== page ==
If you see smoke or fire and believe there is a risk to people or property, call 111 immediately and ask for 'Fire'.
Areas most at risk in Te Upoko o te Ika/ the Wellington region include the southern and western edges of Wellington City, Ngaio Gorge and Ngauranga Gorge, the eastern hills of the Hutt Valley, hills near Eastbourne and Wainuiomata, and areas along the Wairarapa coast.
The risk will vary depending on the weather, for example fire risk will be higher in times of low rainfall and drought.
Fire and Emergency New Zealand is responsible for fire prevention, response, and suppression.
The Wellington region’s rugged landscape and climate make it prone to landslides.
Landslides can be caused by heavy rain, earthquakes, vegetation removal, leaking pipes, and earthworks. Small slips after heavy rain are common and may impact their immediate surroundings such as paths, roads and even houses. Larger landslides may cause extensive damage to roads, buildings, and other infrastructure, and could block access to parts of the region.
Warning signs of a landslide can include:
Small slips, rock falls and subsidence at the bottom of slopes
Sticking doors and window frames
Gaps where frames are not fitting properly
Outside fixtures such as steps, decks, and verandas moving or tilting away from the rest of the house
New cracks or bulges on the ground, road, footpath, retaining walls and other hard surfaces
Tilting trees, retaining walls or fences
Find out more
Further information on landslides is available here:
Landslides (Te Ara - the Encyclopaedia of New Zealand)
If your area is experiencing a drought, you can contact your local council for more information.
A drought is a prolonged period where rainfall is lower than normal for a particular place. This can affect water usage and increase fire risk.
Droughts are common in Aotearoa New Zealand, and their effects can cover a wide area and recovery can take several years. It is forecast that eastern parts of New Zealand will see increasing levels of drought through the 21st century.
The Ministry of Primary Industries is responsible for classifying droughts.
Volcanic activity happens when hot molten rock rises to the earth’s surface. This activity can include ashfall, falling rocks, host gases and volcanic rock, lava flows and mudflows. Most of New Zealand’s volcanic activity is related to the subduction zone to the west of the country.
Risk to the Wellington region There are no active volcanoes in te Upoko o te Ika/Wellingotn region, however, a large eruption from Mt Taranaki in a strong north-westerly wind could cause ash falling in our region. Ash particles are very abrasive, they can irritate the eyes and cause lung irritation if inhaled. Ash can also damage machinery and injure animals that eat ash coated food.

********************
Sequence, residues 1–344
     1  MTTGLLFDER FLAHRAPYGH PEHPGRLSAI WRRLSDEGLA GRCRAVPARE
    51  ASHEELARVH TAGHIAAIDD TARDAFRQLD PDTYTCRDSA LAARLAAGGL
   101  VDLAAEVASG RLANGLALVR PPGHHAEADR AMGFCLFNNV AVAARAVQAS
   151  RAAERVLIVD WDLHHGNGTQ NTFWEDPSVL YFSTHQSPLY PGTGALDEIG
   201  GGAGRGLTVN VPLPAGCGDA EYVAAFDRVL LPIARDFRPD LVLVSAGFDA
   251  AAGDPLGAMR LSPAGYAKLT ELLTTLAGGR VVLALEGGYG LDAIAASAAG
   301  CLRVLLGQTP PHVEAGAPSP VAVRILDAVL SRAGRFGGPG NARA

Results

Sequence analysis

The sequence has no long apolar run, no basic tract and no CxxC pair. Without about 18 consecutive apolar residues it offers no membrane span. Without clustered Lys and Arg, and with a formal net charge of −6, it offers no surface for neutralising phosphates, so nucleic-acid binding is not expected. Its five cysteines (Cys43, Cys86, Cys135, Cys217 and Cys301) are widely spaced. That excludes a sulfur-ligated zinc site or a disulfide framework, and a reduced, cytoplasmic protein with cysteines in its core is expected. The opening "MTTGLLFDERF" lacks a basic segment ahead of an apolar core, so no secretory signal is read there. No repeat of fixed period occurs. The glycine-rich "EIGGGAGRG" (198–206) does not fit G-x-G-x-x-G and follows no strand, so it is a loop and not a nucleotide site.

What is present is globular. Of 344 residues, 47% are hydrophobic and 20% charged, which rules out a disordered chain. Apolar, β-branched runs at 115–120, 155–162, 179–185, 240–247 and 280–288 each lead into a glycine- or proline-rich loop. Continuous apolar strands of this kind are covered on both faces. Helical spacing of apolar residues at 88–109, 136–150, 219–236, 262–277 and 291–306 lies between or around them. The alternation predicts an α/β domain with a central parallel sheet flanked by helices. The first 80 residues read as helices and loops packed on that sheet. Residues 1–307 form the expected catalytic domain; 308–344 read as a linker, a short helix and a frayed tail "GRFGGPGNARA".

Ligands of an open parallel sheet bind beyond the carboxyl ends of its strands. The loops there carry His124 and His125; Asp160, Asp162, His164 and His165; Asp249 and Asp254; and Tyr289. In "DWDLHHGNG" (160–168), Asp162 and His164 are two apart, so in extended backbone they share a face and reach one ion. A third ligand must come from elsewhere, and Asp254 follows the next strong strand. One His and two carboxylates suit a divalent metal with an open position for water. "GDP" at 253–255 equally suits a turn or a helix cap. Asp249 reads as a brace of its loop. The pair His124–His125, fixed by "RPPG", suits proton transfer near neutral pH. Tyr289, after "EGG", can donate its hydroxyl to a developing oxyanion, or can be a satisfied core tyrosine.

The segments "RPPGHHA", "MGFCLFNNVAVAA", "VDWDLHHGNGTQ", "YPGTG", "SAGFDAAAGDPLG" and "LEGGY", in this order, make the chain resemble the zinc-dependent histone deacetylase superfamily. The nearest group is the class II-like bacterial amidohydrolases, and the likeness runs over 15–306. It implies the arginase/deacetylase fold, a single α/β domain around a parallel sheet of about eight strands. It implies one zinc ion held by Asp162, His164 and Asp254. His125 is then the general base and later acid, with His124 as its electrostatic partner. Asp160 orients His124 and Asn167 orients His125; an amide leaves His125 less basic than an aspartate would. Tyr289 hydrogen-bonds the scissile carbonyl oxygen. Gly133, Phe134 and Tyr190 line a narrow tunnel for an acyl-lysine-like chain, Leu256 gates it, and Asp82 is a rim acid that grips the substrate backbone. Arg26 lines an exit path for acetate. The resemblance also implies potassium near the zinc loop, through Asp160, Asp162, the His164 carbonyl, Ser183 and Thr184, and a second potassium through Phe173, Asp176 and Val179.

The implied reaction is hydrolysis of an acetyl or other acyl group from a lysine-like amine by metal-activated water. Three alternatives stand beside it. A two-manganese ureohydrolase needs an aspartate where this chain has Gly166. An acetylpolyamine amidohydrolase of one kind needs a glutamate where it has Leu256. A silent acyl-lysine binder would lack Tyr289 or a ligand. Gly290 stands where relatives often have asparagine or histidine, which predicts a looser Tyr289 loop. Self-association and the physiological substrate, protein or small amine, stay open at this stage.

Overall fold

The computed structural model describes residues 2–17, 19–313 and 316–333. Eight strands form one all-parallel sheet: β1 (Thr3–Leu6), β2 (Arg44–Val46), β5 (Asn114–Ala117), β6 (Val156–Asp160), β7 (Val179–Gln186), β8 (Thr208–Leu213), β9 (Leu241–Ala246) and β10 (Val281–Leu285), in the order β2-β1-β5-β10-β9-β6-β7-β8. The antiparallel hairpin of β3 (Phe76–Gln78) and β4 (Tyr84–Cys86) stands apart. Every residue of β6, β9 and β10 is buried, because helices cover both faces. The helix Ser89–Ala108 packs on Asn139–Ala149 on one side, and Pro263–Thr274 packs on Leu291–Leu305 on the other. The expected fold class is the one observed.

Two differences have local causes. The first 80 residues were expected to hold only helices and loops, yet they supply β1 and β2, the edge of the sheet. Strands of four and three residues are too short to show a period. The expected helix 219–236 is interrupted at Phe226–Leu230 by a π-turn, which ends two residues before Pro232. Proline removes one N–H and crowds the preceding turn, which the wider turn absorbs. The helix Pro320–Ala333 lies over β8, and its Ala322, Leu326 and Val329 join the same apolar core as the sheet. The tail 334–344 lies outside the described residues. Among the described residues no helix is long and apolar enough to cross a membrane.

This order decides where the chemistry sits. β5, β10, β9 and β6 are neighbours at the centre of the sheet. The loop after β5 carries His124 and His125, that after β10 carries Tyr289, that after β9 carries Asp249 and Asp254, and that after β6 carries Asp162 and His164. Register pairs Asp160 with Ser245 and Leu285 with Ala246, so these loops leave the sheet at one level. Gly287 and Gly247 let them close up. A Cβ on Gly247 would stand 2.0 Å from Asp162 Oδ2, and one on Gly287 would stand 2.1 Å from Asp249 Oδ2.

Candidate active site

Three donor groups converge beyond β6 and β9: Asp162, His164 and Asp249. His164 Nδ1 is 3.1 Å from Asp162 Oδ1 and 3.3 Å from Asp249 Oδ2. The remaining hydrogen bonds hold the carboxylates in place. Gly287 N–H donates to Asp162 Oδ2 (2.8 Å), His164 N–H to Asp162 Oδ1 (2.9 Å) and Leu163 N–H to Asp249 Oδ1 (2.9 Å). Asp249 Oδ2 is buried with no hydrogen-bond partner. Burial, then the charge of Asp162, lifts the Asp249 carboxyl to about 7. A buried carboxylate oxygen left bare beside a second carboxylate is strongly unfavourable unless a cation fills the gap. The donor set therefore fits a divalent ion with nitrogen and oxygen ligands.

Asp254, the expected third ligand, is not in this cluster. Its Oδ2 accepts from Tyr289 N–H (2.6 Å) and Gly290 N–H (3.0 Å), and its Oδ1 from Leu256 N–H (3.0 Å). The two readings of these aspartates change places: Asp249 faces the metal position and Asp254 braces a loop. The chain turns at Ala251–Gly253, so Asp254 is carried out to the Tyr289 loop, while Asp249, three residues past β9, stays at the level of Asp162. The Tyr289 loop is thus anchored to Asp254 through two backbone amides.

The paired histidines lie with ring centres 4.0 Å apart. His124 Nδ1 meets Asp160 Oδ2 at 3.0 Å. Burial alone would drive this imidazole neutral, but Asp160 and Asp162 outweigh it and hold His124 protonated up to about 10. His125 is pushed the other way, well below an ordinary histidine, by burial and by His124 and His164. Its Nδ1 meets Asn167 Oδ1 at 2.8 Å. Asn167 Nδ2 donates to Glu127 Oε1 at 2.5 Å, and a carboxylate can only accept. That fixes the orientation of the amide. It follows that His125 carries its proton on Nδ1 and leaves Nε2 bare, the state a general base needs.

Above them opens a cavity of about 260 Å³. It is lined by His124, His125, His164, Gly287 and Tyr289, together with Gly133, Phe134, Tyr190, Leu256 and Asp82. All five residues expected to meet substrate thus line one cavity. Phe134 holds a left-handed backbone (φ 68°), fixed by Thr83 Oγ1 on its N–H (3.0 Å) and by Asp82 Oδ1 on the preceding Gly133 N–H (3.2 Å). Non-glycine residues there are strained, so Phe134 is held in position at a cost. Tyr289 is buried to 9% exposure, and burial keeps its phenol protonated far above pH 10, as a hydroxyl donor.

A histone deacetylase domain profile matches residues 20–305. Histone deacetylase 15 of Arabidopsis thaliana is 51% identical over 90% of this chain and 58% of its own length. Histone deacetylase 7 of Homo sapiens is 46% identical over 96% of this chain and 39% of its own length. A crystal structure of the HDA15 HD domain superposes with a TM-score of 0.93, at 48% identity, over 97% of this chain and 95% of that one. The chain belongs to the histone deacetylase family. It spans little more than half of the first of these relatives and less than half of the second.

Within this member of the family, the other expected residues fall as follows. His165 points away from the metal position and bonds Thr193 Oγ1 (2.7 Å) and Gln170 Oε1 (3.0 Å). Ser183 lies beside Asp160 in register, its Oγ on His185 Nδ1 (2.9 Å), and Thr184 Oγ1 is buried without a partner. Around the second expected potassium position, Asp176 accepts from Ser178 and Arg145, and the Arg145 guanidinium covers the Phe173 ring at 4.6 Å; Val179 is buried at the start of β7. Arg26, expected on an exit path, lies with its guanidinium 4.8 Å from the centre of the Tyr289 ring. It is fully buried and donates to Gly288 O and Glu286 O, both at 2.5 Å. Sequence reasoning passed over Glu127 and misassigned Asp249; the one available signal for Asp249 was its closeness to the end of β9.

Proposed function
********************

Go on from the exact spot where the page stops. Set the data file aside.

Effects from volcanic eruption While a volcanic eruption in the central North Island is likely to only have a small direct effect on the Wellington region, there would be a number of indirect effects, such as delayed or cancelled flights, closure of central North Island roads, disruptions to power supply, and in a large eruption, an influx of evacuees from badly affected areas
Find out more
Further information about New Zealand’s volcanoes is available from:
Lifeline utilities are the gas, electricity, petrol, transport, water, sewerage and telecommunications infrastructure we need to live.
These utilities can be disrupted through event such as earthquakes, fires or landslides. Disruptions can also occur through acts of terrorism or accidents that damage infrastructure.
Effects of a utility failure
Infrastructure failure may significantly disrupt a community and have a large economic impact. Depending on the time of year, disruption to utilities such as power could have a potentially serious effect for people trying to heat their houses in winter. People who rely on electrical medical equipment are especially vulnerable in a power failure.
Wellington’s main transport corridors, both road and rail, are in a Y shape, with few links between the main arterial routes. Several of the roads in the region, particularly the Remutaka Hill Road (State Highway 2), can be closed during storm events due to the associated high winds, rain, or snow.
Effects of a transport incident Accidents are usually responded to and dealt with by the emergency services. Some disruption to transport links may occur, particularly if an accident is on a main transport route. However, an accident involving a passenger service vehicle, such as a plane, train, bus or ferry or a freight vehicle carrying hazardous substances could have wider impact on the region, with many people affected.
Current road information Current information on State Highways is available from Waka Kotahi at the Transport For Wellington website, or you can follow them on Twitter or Facebook.
Public transport information
Buses, trains, and the Wellington Harbour ferry call Metlink 0800 801 700 or see the Metlink website.
Depending on the hazard they present, the use, storage and transport of hazardous substances is regulated. Storing, handling and transporting hazardous substances correctly, reduces the risk of adverse events.
Find out more:
Further information on hazardous substances is available from:
Always call 111 if there is a serious risk to life or property.
Terrorism is an act that has the intention of inducing terror in the civilian population, or forcing a government or organisation to do, or to abstain from, an act. Terrorism acts are often associated with an ideological, political or religious cause.
New Zealand Police assist in various emergency management and national security situations. They are responsible for law enforcement and crime prevention. They also help maintain public safety. Call 105 to report things that have already happened and don't need urgent Police assistance.